It is a message he had already written about in a New York Times op-ed about a year earlier (that’s where the quote I began with came from) and one which he expanded on in his book “Love Your Enemies,” which I have been reading.

The instant I read through his prayer breakfast remarks as they were circulating through social media, I knew that he was articulating very well something I’ve been trying to say for years.

It’s important to understand what he means by “contempt.” As he makes clear, it is not a matter of disagreement (disagreement can be good) or even of anger. Borrowing a definition from the philosopher Arthur Schopenhauer, Brooks called contempt “the unsullied conviction of the worthlessness of the other.”

When we come to a place where many people have abandoned persuasion and consider their political, ideological, or religious enemies barely human, even monsters who only deserve destruction, that’s contempt. Rolling our eyes and utterly dismissing people is contempt.

That’s where we are, and it’s not unique to any one political persuasion but to large elements of all of them. About 15 seconds reading comments on any controversial news story on social media is enough to overdose on contempt.

It’s not the worst example, but one that bothered me a lot was during the debates over hospital vaccine mandates and the things that were said about the health care workers who objected to them. To me it seems clear why it’s a difficult issue. There are significant goods at stake that stand in tension with each other, and people understandably have strong feelings about them. Public health experts, relying on the best available science, tell us that getting as many people as possible vaccinated will help alleviate the pandemic and all the death and other suffering that has come with it, and we all want that. On the other hand, the right not to be forced to act against your conscience is also serious business. For that matter, so is having a legitimate say in what’s injected into your body.

So I get why people disagree strongly about it and get angry about it. But cheering when people lose their jobs in the middle of a pandemic? Contemptuously proclaiming that professional health care workers “don’t believe in science” if they have any hesitancy about a vaccine in these extraordinary circumstances? These are people that just months ago everyone was rightly hailing as heroes who had risked their lives to care for us.

It’s logically possible to believe vaccine mandates are good policy and still have sympathy for those who are put in a difficult position by those mandates and wish the best for them and want to see them land on their feet. Some people did that. But many did not. For them, the erstwhile heroes became Public Enemy No. 1, to the point of publicly wishing them harm and cheering if they were ineligible for unemployment.

As I said, this is just one example, and not even the worst. Doesn’t contempt play overwhelmingly into the political violence, at times deadly, we have witnessed over the past two years? Isn’t it a root of “cancel culture”? Isn’t it at the heart of our intense polarization that is even splitting apart families?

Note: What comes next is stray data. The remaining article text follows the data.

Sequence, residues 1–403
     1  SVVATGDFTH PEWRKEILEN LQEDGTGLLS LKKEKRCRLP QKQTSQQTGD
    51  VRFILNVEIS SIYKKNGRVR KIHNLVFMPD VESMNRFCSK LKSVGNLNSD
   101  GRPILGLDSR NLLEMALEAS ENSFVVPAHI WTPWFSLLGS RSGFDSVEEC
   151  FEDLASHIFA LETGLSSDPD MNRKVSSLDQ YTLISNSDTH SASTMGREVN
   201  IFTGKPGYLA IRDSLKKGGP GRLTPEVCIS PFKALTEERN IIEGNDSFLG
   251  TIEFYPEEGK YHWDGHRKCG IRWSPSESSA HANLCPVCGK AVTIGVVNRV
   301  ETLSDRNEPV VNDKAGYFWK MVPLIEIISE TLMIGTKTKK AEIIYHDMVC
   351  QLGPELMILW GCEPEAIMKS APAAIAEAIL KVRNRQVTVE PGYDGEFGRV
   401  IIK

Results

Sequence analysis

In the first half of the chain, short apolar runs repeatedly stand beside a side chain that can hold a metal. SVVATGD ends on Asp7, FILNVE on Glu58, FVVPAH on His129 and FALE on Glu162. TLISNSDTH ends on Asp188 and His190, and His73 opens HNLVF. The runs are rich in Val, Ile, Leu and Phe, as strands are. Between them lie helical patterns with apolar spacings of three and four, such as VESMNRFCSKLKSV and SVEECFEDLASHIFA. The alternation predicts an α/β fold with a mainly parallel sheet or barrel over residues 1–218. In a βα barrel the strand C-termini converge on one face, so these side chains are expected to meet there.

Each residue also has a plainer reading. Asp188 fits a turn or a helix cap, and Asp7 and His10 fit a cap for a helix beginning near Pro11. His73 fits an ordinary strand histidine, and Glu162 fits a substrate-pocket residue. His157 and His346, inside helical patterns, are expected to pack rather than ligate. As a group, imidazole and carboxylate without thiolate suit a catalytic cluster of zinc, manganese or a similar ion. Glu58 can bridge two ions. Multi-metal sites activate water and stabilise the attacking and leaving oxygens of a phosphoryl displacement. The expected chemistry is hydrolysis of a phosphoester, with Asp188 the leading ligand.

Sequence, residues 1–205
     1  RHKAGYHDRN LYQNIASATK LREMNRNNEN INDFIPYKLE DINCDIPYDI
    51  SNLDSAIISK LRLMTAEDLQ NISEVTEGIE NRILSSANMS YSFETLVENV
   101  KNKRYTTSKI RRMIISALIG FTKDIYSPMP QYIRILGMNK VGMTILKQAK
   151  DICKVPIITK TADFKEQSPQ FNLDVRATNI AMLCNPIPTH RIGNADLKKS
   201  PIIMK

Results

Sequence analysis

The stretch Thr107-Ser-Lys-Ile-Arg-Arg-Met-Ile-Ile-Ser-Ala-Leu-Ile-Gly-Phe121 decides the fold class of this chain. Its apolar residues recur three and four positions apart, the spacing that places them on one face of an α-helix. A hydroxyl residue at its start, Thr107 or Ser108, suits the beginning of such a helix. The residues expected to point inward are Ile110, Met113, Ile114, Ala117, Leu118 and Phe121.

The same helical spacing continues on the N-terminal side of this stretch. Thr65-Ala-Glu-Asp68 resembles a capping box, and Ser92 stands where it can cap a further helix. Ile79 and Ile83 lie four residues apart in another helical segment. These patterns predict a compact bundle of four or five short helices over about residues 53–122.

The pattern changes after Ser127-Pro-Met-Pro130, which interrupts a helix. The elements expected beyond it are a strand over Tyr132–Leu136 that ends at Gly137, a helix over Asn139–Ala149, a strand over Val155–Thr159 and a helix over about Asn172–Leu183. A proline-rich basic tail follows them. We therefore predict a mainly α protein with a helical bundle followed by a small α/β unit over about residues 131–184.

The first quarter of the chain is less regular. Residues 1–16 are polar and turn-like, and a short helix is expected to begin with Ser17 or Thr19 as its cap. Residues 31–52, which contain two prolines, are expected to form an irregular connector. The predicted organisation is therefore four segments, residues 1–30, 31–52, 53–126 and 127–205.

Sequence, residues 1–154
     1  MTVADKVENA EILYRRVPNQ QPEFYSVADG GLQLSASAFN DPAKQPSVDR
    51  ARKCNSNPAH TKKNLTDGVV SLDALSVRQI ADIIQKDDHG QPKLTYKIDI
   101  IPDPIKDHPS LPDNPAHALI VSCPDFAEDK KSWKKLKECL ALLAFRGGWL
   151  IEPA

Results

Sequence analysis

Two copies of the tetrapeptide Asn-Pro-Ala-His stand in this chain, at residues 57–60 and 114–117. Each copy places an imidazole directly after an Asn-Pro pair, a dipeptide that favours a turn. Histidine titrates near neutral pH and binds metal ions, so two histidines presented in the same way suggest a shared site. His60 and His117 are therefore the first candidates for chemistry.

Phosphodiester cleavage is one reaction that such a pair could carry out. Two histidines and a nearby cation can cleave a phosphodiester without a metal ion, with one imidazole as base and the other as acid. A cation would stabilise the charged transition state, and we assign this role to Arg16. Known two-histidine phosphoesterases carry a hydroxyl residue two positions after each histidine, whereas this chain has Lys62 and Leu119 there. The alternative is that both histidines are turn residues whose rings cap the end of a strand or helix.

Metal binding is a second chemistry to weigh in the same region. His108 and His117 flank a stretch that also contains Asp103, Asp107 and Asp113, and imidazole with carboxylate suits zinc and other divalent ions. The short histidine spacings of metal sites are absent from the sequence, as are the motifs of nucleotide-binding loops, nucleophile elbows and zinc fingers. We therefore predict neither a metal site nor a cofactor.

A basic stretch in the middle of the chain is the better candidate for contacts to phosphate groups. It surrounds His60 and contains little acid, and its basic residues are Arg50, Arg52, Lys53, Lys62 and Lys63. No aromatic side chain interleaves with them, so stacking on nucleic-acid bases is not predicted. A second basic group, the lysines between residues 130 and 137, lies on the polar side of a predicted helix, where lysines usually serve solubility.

And can’t we see its effects all around us, even in the church?

Brooks cites psychological and social science research suggesting all this contempt is really bad for us, not just in the sense that it doesn’t convince anyone and is tearing us apart socially but in a personal way — that we suffer deeply when we are treated with contempt and that we even damage ourselves when we treat others with contempt.

It’s nice to have the scientific validation, but it’s something we already know at some level without even being told.

However, there are things we can do. In his book, Brooks echoes an experience similar to ones I’ve had. A previous book of his had attracted more readers than his academic works had, and he started hearing from more readers, including one who wrote a long, detailed email ripping his work to shreds.

Brooks said that in that moment, instead of getting angry, he found himself grateful that the person who had written to him had read the book and taken time to give detailed feedback. So he responded with gratitude instead of anger, and his correspondent’s tone immediately changed, and the conversation turned friendly.

I’ve had that experience too. It definitely doesn’t always happen, on my side or that of people who are upset with something I’ve written, but it does happen often. This, too, is biblical wisdom. One of my favorite passages from the Book of Proverbs is “A mild answer turns back wrath, but a harsh word stirs up anger.”

No one has ever been hated into agreement. The idea that we have to act this way to “win” our cultural battles is a lie — it’s not just morally flawed, it’s a losing strategy.

“Love your enemies” is not a suggestion, it’s a command of Jesus, and one we can’t safely ignore.

Deacon Kyle Eller is editor of The Northern Cross. Reach him at [email protected]. 

Bishop Daniel Felton: Let’s listen — Part I

It is hard to believe that I have been the Bishop of Duluth for over half a year. In that time, I have put almost 17,000 miles on my vehicle as I have traveled numerous times back and forth across our diocese visiting parishes, schools, priests, deacons, and parishioners. Literally, the first seven months have been quite the trip! 

Bishop Daniel Felton
Bishop Daniel Felton
Believe in the Good News